The web of lies and physical posturing which ensued left most of us wondering who was actually telling the truth. Luis Suarez agent claimed that the club had promised his client that if they didn’t qualify for the Champions League that they would allow him to leave. This was a gentleman’s agreement, nothing written down just a genuine goodwill gesture. Liverpool F.C denied that any such agreement had been reached in strenuous terms. We believed them.

This was closely followed by the true or not £40,000,000 + £1 offer from Arsenal who we were told were led to believe that there was a sell clause in Suarez contract which automatically meant he could leave if an offer exceeding £40 million was made. Liverpool’s owner John W Henry came out with his much repeated comment

“What do you think they are smoking over there at The Emirates?”

We believed them and all the media and pundits had a good laugh at Arsenal and Arsene Wengers expense. Which when you consider how open and honest Arsenal are about just about everything, such as Arsene’s telephone call with Alex Ferguson about Robin van Persey, is rather odd. Why would Arsenal be smoking anything? It’s business, it’s football.

It later transpired during a Sports Conference in the USA, that John W Henry admitted to lying and that Suarez did have a legal and contractual £40 million buyout clause. So suddenly what we learn is that when it suits Liverpool they will bend the truth, they will risk litigation and they then have the arrogance to admit this, almost as though this deceitfulness is somehow funny.  So how do we know that the rest of their protestations were not lies as well? The simple answer is that we don’t. But once a liar always a liar, we all grew up with the tale about the little boy with his finger in the dam. So where does this leave Liverpool in terms of trust and relationship values with their playing staff? On a pretty rocky precipice of course, in just the same way as any other business who made a conscious decision at a corporate level to lie and cheat to manipulate their employees would. Think about this in the context of counter offers for example?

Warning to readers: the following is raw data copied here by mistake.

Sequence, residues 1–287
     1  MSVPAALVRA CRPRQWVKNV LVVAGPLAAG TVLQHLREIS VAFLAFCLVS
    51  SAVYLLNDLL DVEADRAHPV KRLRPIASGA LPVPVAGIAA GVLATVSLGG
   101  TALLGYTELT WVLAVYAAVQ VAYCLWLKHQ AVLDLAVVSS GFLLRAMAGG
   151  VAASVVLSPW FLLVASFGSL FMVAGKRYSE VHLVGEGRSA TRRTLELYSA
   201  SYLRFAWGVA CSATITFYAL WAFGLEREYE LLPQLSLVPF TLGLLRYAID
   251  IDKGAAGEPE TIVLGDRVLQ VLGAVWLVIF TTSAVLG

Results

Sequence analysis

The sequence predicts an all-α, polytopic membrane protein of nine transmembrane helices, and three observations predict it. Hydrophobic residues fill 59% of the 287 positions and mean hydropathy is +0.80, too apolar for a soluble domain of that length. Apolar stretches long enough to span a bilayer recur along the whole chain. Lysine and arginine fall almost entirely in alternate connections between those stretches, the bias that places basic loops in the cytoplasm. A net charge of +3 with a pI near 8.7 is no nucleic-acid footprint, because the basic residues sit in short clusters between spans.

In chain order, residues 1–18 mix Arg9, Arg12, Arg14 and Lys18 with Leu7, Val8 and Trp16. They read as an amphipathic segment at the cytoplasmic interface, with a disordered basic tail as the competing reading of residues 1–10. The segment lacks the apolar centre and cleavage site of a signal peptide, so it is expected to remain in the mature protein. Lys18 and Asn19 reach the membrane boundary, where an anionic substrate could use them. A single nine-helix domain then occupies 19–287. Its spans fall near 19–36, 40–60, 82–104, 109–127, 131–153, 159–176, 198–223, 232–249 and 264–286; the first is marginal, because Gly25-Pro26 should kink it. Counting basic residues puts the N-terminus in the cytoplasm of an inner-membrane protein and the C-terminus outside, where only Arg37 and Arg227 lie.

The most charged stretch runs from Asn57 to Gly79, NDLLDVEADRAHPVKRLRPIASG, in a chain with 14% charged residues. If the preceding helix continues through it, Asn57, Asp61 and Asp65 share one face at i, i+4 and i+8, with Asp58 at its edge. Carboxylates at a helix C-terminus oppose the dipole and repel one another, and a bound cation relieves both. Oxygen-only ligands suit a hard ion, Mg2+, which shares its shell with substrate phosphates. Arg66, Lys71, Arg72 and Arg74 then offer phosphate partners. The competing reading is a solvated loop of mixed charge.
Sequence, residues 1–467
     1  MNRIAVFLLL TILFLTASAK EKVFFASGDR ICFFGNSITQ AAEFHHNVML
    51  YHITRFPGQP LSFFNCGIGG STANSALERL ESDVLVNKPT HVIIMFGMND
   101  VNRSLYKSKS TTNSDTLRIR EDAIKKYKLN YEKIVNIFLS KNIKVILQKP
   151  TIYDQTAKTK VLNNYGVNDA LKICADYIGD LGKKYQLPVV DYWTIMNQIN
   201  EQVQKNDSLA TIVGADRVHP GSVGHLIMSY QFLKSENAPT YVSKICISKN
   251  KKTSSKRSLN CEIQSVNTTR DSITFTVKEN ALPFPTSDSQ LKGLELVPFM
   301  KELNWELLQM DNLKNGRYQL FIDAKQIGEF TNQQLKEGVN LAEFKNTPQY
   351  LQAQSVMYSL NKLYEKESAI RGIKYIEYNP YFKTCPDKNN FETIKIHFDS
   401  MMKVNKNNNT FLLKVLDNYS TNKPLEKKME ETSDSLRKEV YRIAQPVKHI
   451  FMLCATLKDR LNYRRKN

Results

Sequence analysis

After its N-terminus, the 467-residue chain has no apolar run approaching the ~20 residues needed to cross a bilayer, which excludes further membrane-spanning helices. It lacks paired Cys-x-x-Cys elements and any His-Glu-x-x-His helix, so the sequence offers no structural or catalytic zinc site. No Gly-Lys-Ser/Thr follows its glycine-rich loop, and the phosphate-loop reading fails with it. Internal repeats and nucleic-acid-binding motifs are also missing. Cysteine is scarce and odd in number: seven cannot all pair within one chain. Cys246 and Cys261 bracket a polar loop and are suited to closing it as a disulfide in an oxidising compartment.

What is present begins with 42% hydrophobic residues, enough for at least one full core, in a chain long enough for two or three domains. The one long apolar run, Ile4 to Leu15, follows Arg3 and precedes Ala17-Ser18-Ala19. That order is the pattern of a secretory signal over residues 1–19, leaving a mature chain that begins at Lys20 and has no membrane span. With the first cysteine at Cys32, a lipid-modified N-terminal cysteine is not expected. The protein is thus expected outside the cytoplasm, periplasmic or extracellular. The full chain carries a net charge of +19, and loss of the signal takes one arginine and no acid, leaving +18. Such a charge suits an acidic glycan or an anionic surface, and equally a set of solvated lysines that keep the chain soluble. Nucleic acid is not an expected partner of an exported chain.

Now we have the on-going saga about Raheem Sterling, a bright eyed and talented 20 year old. Liverpool F.C and his agents have become embroiled in a publicly damaging tactical relations war. Raheem Sterling has made it pretty clear in his own words that he doesn’t want to stay at the club. He has also claimed on many occasions that it isn’t about the money. I believe him, simply because I couldn’t believe anything that comes out of the media machine behind Liverpool, the same media machine who created a catastrophic faux pas out of the Suarez and Evra racist issue. The same club who left Stevie G’ sweating over a new contract so long that even that legendary stalwart decided to take matters into his own hands. The same club who treated Roy Hodgson so despicably not too long ago, again when it suited them regardless of the bad PR. Who is their communications manager out of interest? I’m guessing it is either Max Clifford from his prison cell or maybe even Alistair Campbell who sailed Tony Blair through choppy waters and eventually left up a creek without a paddle.

Raheem Sterling undoubtedly has an amazing future in front of him, one that was initially crafted and developed by Queens Park Rangers, a club that Liverpool had no issue with exploiting to extract their future talent from when it suited them, who conveniently overlooked any question of loyalty and integrity when they were poaching another club’s talent, who waved the money, the flash cars and probably lied to some extent about their future chances of becoming a trophy winning team at some point in the not too distant future. Raheem Sterling took the bait then and believed everything that he was promised. Yet he now finds himself in a club with no Champions League football and after over 4 years at the club no nearer to realistically winning anything than QPR.

The club has no integrity, their owner personally proclaimed himself to be a liar, not in private, but in front of the global sports media. They have openly broadcast to the world that their word means nothing. So how can they expect any kind of trust and respect from their employees? This is a club so wrapped up in its own delusional arrogance that you have to ask the question, why would someone with huge talent who could probably join any of the premium football teams in Europe, enhance his earning potential in a more savoury and trusting environment where the owners and the manager speak the truth and work with honesty, not look towards another employer with fluttering eye lashes and open arms? I would.